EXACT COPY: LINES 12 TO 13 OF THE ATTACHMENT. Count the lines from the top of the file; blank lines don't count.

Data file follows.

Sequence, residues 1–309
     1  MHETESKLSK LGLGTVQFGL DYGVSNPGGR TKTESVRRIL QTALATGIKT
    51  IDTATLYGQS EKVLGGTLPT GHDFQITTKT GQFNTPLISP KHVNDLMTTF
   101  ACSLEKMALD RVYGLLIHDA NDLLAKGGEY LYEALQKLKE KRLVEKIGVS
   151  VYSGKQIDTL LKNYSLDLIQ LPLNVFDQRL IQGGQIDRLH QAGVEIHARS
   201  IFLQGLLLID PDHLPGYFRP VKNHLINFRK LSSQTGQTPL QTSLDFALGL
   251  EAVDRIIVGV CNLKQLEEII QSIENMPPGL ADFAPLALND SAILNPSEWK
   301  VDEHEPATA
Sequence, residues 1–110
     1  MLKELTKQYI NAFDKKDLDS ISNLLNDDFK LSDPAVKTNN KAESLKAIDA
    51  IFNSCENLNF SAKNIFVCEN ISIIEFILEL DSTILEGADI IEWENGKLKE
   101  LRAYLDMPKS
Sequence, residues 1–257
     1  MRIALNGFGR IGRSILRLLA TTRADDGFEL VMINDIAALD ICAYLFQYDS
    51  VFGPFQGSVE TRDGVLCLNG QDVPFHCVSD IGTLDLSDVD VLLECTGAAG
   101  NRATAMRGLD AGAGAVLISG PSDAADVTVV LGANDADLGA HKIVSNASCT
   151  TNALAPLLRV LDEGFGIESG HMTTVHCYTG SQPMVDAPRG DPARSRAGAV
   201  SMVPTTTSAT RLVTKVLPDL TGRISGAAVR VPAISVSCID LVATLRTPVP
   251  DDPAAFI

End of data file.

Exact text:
   101  LRAYLDMPKS
Sequence, residues 1–257